As new players continue to pour into the oilfield services sector, each fighting for a piece of the Big Data pie, one large player that can’t be missed amid the landscape of digital competitors is General Electric.
Despite the company’s ongoing leadership transition, as Chairman and CEO Jeffery Immelt prepares to hand over the company’s reins to John Flannery in August, GE is working strategically to gather additional market share in the digital space of the upstream oil and gas industry. Under Immelt, GE has refocused, away from its non-core businesses, to concentrate on innovation via new industrial equipment designs, digitally connected systems and computerized processes.
The company has sold many of its financial services and real estate offerings. These are items that hurt the company after the 2008 recession, and were proven to be riskier—for a company the size of GE—as a result of regulation that stemmed from the crisis. Still, criticism from investors regarding the company’s share price put pressure on GE to change its leadership direction, although dialogue coming from the company has indicated it will maintain its focus on becoming a “digital industrial company.”
Now that GE’s $23 billion deal to acquire 62.5% of Baker Hughes has been approved by the U.S. Department of Justice, the company is primed to compete within the digital oil field. As part of the agreement, Immelt will serve as chairman of Baker Hughes, while GE Oil & Gas CEO Lorenzo Simonelli will become CEO of Baker Hughes, and current Baker Hughes CEO Martin Craighead will move to vice chairman. Combining its own oil and gas business with one of the industry’s top oilfield service firms (Baker Hughes), GE will now have comprehensive access to the oilfield equipment on which the company hopes to install its digital systems, sensors and high-powered computers.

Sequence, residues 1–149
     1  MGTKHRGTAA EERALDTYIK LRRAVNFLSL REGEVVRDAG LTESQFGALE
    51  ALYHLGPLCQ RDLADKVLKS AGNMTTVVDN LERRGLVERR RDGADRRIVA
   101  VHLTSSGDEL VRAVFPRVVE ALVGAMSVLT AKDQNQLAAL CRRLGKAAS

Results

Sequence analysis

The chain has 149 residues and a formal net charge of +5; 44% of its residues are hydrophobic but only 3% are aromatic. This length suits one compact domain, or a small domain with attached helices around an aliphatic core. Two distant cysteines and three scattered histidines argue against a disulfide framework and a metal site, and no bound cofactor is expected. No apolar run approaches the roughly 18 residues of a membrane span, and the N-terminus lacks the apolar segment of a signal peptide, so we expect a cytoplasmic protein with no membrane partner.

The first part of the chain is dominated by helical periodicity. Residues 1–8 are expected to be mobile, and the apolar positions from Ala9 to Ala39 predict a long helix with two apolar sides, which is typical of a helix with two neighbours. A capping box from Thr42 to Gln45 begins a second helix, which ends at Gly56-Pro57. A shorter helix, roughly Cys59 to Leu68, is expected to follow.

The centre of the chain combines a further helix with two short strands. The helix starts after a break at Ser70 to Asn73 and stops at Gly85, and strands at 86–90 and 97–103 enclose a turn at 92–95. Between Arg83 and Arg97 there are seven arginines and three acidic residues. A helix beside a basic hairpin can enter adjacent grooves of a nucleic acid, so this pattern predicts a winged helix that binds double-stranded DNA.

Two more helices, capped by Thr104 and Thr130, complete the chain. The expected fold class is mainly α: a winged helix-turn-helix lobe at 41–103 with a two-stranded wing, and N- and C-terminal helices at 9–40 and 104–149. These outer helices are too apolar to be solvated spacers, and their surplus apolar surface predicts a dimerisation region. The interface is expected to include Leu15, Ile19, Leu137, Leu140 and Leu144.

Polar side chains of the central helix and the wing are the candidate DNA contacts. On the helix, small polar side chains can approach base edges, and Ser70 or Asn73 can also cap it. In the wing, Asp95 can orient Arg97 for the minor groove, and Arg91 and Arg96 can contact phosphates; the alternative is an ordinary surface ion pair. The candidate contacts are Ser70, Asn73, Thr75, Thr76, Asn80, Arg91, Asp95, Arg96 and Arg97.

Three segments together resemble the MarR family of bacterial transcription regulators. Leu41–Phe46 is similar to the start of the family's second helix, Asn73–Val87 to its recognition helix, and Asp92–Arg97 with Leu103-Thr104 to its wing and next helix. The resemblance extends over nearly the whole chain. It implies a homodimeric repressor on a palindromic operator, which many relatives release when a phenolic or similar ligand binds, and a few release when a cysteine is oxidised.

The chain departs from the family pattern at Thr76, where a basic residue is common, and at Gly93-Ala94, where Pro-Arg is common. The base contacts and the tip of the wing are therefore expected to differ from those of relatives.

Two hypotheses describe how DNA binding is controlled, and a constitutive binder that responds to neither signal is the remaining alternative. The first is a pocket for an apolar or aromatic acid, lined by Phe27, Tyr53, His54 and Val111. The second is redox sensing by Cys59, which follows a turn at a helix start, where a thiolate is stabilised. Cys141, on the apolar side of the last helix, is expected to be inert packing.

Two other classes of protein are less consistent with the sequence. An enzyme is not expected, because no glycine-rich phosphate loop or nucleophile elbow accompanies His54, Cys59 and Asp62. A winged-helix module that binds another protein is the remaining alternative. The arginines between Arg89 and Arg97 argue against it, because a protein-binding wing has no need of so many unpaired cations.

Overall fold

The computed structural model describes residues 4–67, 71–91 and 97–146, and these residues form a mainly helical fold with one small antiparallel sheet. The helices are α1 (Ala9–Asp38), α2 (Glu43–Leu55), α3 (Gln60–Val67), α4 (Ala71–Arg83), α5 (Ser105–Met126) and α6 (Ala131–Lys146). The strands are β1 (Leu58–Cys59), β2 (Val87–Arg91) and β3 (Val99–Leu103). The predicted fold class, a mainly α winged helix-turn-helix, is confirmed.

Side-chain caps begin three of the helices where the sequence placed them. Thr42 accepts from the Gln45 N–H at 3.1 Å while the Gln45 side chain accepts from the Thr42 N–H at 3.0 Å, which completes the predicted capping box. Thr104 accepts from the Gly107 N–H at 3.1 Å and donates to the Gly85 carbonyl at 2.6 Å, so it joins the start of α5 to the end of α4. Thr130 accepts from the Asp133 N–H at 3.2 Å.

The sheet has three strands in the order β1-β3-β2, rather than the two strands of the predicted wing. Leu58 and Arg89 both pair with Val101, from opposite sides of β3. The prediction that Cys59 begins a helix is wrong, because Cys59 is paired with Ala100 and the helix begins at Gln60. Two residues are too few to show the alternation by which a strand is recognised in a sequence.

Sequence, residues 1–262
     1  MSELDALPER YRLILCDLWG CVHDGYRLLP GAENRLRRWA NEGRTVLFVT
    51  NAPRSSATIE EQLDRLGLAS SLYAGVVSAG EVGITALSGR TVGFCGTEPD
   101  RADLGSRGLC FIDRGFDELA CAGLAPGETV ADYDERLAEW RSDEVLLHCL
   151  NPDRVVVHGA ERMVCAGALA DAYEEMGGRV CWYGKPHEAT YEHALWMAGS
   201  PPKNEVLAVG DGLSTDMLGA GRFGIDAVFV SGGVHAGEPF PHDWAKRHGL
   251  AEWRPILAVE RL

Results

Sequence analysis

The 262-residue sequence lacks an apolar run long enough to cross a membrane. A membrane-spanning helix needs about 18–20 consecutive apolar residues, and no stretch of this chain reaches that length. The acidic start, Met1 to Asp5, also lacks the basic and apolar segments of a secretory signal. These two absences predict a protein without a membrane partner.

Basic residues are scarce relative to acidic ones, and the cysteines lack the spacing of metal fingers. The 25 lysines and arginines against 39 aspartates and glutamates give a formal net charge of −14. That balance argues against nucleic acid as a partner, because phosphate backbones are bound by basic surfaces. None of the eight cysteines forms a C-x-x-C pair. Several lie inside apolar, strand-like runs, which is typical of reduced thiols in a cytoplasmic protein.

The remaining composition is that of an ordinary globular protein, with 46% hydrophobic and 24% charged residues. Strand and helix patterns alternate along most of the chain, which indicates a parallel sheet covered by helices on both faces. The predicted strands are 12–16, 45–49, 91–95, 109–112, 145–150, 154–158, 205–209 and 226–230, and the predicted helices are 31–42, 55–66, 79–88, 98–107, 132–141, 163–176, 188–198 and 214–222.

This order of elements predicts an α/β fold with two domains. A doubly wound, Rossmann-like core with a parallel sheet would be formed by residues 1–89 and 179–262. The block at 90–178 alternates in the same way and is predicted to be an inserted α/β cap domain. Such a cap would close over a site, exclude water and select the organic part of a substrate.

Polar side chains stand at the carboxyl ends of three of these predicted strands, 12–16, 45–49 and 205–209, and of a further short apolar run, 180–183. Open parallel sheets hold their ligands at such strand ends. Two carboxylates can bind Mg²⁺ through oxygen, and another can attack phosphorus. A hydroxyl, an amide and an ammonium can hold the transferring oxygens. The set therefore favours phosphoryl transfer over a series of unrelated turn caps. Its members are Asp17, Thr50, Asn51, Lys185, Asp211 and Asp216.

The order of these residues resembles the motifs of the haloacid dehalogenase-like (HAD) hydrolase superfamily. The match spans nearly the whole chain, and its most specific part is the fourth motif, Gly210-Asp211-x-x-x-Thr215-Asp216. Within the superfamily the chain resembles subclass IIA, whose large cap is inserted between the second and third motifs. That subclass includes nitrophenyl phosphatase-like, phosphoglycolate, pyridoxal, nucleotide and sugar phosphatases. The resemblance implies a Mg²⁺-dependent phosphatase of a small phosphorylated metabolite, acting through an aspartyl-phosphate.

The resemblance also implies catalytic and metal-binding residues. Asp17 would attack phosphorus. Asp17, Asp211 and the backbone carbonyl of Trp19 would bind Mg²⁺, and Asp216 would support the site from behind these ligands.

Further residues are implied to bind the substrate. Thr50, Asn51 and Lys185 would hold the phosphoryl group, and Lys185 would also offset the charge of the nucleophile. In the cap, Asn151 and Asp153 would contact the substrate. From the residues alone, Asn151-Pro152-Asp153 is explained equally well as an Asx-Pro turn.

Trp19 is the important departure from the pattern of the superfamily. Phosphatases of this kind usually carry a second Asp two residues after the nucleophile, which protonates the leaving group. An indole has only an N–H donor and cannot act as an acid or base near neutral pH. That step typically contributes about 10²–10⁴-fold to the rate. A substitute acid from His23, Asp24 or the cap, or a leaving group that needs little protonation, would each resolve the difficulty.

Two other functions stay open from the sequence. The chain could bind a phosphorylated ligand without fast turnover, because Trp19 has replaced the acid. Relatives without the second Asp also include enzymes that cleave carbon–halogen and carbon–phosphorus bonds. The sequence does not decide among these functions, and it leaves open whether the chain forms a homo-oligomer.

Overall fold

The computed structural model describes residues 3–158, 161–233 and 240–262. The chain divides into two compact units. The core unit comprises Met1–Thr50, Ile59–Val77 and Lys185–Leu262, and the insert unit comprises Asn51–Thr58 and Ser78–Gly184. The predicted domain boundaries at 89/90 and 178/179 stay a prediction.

Baker Hughes also will benefit from having such digital equipment in-house and ready to go, as opposed to needing to choose from swaths of different competing vendors to work with, in the tech world. The combined service company is now expected to rank behind only Schlumberger, in terms of market value, after the merger is complete.
However, truly forecasting whether or not the merger will succeed for GE depends upon one’s confidence in an eventual recovery for oil prices. Make no mistake, GE is certainly poised to take advantage of such a recovery. If, and when, it takes place, the company founded by Thomas Edison is built to forge a presence as a champion of the digital oil field.
Source: World Oil